Many Americans Don't Drink Alcohol
Nearly one-third of adult Americans do not drink alcohol at all. Furthermore, another one-third of adult Americans consume less than one alcoholic drink per week. These figures from a Washington Post article astonished me; far more Americans don't drink alcohol or very light drinkers than I had realized.
The Reasons Americans Don't Drink Alcohol
I've been in alcohol recovery for eight years, and most people I hang out with don't drink. In fact, I'm so accustomed to talking with people in substance abuse recovery that I forget there are other reasons someone might not drink alcohol. A few weeks ago, I was at a conference and when I heard one of my fellow classmates didn't drink, I immediately assumed he was in alcoholism recovery. When I asked him about it, he responded that he did not drink because he is Mormon.
This had never even occurred to me. But the truth is, I have known people from various religions or non-religious people who choose not to consume alcohol. My best friend from childhood drank a little bit in college, but it didn't appeal to her and now she doesn't. Another good friend of mine chooses not to drink because she doesn't like to feel out of control. I also know health conscious folks who abstain from alcohol because they feel the negative health effects of alcohol outweigh the possible positive ones.
Most Americans Drink Less Alcohol Than You Think
According to statistics from the National Epidemiological Survey on Alcohol and Related Conditions (NESARC), 30% of American adults don't consume alcohol. Of those that do drink, the median number of drinks per week is three. The mean average is misleading because the actual data is very lopsided: the top 10% of Americans drink on average 74 alcoholic drinks per week--over 10 a day. This means that many Americans drink little or nothing, but those folks on the high end of the spectrum often binge drink and hit the bottle--or can--hard.
Drinking Little or No Alcohol is Normal for Americans
In 2013, 43.6% of Americans over age 18 reported drinking no alcoholic beverages in the past month, according to NESARC data. Furthermore, 29.3% drank no alcohol in the past year. I'm not here to tell anyone they drink too much or that their drinking is abnormally high, but I think it's important for those of us who have given up alcohol to realize we are not alone.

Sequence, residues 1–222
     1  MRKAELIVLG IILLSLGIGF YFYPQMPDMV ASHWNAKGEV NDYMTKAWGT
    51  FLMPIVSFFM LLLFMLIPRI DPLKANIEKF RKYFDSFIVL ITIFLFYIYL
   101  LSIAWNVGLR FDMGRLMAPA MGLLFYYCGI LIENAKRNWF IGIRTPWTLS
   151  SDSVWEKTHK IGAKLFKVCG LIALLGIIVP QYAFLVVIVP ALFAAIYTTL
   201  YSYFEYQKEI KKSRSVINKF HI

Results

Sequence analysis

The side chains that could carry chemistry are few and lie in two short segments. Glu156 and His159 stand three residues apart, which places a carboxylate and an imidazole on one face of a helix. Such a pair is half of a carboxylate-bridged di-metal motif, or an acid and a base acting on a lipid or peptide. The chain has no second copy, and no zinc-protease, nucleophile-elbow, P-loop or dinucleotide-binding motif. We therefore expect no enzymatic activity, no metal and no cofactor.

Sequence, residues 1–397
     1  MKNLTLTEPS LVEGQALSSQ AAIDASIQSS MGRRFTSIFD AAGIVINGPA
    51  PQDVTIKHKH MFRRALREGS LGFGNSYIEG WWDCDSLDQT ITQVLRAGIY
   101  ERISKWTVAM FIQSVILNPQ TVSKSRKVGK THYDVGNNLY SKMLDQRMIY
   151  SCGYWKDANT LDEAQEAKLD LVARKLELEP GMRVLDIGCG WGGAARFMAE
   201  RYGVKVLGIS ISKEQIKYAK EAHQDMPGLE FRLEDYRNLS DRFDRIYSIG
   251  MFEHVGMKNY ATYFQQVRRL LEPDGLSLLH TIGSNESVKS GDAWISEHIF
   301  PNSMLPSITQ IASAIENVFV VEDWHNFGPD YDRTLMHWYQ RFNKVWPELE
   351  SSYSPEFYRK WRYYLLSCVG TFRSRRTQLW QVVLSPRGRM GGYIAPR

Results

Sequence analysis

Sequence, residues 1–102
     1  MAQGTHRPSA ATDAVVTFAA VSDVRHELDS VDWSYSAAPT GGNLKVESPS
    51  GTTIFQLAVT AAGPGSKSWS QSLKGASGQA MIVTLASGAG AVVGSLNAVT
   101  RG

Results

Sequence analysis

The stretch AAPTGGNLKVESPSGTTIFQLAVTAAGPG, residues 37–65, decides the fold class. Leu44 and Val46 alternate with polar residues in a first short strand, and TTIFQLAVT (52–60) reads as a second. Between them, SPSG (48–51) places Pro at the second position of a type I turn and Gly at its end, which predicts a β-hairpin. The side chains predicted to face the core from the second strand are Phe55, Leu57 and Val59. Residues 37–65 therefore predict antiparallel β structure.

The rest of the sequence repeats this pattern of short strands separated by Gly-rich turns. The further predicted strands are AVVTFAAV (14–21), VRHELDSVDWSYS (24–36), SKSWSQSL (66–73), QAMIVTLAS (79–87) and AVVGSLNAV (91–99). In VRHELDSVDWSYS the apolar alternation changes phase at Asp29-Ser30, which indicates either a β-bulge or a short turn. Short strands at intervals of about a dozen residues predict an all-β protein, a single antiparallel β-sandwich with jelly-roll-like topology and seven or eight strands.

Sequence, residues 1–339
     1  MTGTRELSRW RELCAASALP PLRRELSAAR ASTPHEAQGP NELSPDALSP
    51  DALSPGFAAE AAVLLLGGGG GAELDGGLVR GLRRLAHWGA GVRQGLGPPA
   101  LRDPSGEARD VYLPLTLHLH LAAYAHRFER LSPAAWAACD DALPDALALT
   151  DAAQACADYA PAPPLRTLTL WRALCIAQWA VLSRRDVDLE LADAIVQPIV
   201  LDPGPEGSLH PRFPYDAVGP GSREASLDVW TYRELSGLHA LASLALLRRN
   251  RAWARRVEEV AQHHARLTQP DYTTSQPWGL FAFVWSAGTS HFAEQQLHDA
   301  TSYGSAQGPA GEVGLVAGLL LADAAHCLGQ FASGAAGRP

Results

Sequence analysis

I never thought of alcohol as something you could take or leave. To me it seemed people either didn't drink or it was a huge part of their lives. But then again, I am not a moderate person in general. I can't just smoke an occasional cigarette, now and then, for example: I'm actively addicted or I'm abstinent. I now know that living with little or no alcohol drinking is a perfectly viable and acceptable way to live. When we are in our addiction, we tend to surround ourselves with people who drink or use like us. That is why it sometimes feels like we are the only ones who are clean and sober. In fact, those of us in addiction recovery are in good, and expansive, company.
Lesley, K. (2015, April 27). Many Americans Don't Drink Alcohol, HealthyPlace. Retrieved on 2019, June 17 from https://www.healthyplace.com/blogs/debunkingaddiction/2015/04/many-americans-dont-drink-alcohol
Author: Kira Lesley
Having noted mood aides either supply you with temporary bravery, or allows you to become something that you’re really are not.
In my opinion it is most important to be whom you are as you do with meeting a new coworker, your building supervisor, or anyone that has the appearance of a person you may wish to know better, on some level you know that you don’t have to “ impress” to gain friendship.
I also genuinely believe that being yourself in any situation will prevail.
Thank you very much for your comments. It is interesting to me because I live in a place where people drink a lot and production of alcoholic beverages is a big part of the economy and, increasingly it seems, the identity. I have not spent enough time in the South to know what that's like, but I think it's unfortunate and unhelpful when anyone judges, especially if it's not coming from a place of genuine concern.
It can be difficult to tell from the averages alone, but one of the things I found interesting about the articles I read for this piece was that consumption seemed to be at extremes. The people who consume the most alcohol in America consume a lot of it, and then a lot of people don't drink at all. But as for the amount that you drink, I am not a professional but it seems to me the most important thing is not the volume per se (though that can be a useful indicator) but how it is affecting you. Certainly some people can drink in moderation, or they can take it or leave. Then for others, it begins to interfere with their lives. If you are concerned, you could talk to your health care professional about some sort of assessment. But if it does not create any problems for you (physical, psychological, emotional, etc.) then it's certainly not my place to pass judgement on you, or anyone else for that matter! Thank you for sharing your insights, and you are certainly welcome to read and comment whether you are an alcoholic/addict or not!
Your deep message was a breathe of fresh air that I can speak with when I become sober.
And people on Facebook say I'm a moron for not wanting too drink well this site shows that a lot of people don't drink at all